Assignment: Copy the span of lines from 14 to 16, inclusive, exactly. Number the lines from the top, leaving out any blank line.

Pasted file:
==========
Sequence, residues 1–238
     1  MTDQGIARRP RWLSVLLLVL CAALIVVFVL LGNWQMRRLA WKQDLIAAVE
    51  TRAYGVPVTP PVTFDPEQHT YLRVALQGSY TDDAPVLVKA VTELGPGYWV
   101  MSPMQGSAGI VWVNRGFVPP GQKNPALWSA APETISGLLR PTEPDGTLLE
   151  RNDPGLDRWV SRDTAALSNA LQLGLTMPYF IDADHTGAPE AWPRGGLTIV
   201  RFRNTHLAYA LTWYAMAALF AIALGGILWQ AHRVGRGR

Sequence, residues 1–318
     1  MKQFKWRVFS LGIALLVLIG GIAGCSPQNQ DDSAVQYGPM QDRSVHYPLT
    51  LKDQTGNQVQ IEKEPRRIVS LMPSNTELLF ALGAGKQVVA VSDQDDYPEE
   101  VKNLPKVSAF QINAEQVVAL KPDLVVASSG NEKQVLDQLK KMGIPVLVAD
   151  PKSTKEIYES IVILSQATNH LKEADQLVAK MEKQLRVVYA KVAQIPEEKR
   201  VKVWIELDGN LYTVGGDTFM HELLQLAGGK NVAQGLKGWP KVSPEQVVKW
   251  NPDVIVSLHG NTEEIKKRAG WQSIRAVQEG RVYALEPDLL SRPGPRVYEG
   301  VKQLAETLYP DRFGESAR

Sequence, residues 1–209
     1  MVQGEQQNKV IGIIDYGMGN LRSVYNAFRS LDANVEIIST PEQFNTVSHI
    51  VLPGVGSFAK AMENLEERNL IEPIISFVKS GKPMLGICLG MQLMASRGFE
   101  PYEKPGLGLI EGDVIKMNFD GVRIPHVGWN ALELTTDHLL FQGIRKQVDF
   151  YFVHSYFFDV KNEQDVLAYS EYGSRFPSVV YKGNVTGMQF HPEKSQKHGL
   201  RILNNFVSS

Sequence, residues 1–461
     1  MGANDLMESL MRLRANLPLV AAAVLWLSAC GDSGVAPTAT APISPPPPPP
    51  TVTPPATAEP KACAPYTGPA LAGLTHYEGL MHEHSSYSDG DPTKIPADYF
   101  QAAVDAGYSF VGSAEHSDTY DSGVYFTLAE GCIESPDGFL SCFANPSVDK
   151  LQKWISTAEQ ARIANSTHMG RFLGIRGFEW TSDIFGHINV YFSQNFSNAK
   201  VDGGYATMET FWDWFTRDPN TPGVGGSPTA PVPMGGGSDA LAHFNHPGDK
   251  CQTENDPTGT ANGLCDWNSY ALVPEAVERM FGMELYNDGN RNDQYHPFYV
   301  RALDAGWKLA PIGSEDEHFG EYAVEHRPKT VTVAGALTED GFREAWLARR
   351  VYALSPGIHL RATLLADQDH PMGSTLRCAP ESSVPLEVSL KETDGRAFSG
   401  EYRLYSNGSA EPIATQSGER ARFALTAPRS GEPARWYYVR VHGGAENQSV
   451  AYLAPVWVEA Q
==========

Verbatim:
   301  VKQLAETLYP DRFGESAR

Sequence, residues 1–209
     1  MVQGEQQNKV IGIIDYGMGN LRSVYNAFRS LDANVEIIST PEQFNTVSHI